Thank you all for your advices.

Today we have been cleaning further the Windmill.

Now, the pump runs smoothly and all the vacum system is almost noiseless.

The intermediate gear noise is still there.

Looking for the problem, it seems that this gear is fixed to a ball bearing, and maybe it needs to be replaced. Is the ball bearing a good candidate for that noise? is it complex to replace it (SFK 6204)?

It seems that the complete ink fountain must be removed to get access to it.

What’s the weight of the ink fountain?

Thank you in advance,


Your noise is cyclic in time with the action of the large distributor ,it is normal on a machine of this age ,
If your problem was the large bearing it would be rumbling as well , it would be constant.
You inking unit is heavy enough that you need to put up a rig to lift it off but you are going a bit far to eliminate the noise that it will make anyway .
If you dont reassemble carefully you may well create problems far worse than those you imagine you have now , .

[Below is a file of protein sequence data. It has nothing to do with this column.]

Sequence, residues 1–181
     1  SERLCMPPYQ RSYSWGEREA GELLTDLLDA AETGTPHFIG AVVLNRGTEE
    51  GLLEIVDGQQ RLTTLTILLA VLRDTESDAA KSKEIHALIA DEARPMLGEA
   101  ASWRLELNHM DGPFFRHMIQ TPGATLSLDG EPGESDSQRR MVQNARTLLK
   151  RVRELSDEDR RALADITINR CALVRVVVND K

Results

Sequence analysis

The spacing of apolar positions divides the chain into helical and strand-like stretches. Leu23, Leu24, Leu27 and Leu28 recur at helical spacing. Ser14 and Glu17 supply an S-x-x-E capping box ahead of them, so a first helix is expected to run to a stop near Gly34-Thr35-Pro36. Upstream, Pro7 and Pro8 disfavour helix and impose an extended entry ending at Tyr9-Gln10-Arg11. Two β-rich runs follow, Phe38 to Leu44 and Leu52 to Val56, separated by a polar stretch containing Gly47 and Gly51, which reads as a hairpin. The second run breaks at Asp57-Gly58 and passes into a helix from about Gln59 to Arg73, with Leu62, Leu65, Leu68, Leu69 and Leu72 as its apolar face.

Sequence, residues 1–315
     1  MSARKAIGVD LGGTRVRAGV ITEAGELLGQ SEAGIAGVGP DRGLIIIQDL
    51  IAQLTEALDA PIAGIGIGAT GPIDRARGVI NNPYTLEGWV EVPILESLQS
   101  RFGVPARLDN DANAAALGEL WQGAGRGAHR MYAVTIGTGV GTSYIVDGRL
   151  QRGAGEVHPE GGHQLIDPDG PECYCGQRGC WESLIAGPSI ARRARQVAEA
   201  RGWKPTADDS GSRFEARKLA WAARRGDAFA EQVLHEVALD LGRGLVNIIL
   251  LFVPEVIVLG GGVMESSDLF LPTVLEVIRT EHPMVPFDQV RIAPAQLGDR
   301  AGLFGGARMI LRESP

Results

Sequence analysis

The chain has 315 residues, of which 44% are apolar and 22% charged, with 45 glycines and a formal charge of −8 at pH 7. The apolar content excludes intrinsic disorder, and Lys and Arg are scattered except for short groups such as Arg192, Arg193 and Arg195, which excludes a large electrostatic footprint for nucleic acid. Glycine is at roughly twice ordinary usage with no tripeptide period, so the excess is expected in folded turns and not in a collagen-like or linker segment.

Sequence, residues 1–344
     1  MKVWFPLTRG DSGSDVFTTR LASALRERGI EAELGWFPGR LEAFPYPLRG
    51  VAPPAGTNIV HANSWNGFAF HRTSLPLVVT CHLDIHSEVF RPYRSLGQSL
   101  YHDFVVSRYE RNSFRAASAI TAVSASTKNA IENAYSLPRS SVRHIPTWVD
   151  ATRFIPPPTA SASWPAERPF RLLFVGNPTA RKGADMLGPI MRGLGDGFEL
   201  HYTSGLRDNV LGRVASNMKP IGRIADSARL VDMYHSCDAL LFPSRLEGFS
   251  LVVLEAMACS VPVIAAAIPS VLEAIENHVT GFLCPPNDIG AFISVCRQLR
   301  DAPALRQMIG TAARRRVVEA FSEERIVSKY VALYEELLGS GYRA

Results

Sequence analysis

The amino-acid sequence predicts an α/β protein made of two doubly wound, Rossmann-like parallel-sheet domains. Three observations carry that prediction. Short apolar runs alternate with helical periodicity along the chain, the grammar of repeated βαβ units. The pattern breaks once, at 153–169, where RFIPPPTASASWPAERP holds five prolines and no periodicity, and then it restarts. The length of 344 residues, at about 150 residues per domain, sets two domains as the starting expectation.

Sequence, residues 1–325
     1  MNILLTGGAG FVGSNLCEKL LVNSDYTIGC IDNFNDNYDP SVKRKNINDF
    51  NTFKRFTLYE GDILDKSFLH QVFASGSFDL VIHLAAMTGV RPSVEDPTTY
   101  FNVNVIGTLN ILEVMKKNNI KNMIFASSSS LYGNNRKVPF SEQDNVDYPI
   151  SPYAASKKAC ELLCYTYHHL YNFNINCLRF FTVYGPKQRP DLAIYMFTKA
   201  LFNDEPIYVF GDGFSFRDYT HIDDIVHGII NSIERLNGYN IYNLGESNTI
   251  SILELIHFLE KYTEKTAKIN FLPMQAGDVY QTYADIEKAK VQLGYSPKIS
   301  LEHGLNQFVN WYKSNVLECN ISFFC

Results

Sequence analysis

It is noise ,live with it , many of us found our jobs listening out for that grunting sound , its possible you will stop the worst of it by replacing some expensive parts , however you will only replace some bits before the cost becomes crippling , wear in a gear train means change every gear that comes together ,if you leave one gear in the train you trash all your new ones in months and the noises will be terrible , Leave well alone ,or get print engineers to have a listen and look , $100. for a hours health check is not bad value when you think the minimum you are going to spend replacing parts will be twice that and much more !
You dont go deep into a machine on guesswork , I certainly wouldnt do it for cosmetic reasons , as long as all your oil points bleed when the pump is operated and the noise changes when the oil gets onto the gear i would leave well alone , if you want to be sure get an engineer confirm it , the parts you will be purchasing will be expensive and paying a bit for a look over may save you from a basic waste of many hundreds of dollars .

Thank you very much Peter for your advices.

We contacted an engineer to check the noise, and he pointed also that the the ball bearing of the intermediate gear could be the reason.

So I proceed to dissassemble (maybe an error…) the Heidelberg and later the engineer will help me during the assembling (save money, that’s all).

Once the the ink fountain was dissassembled we could access to the intermediate gear and check it.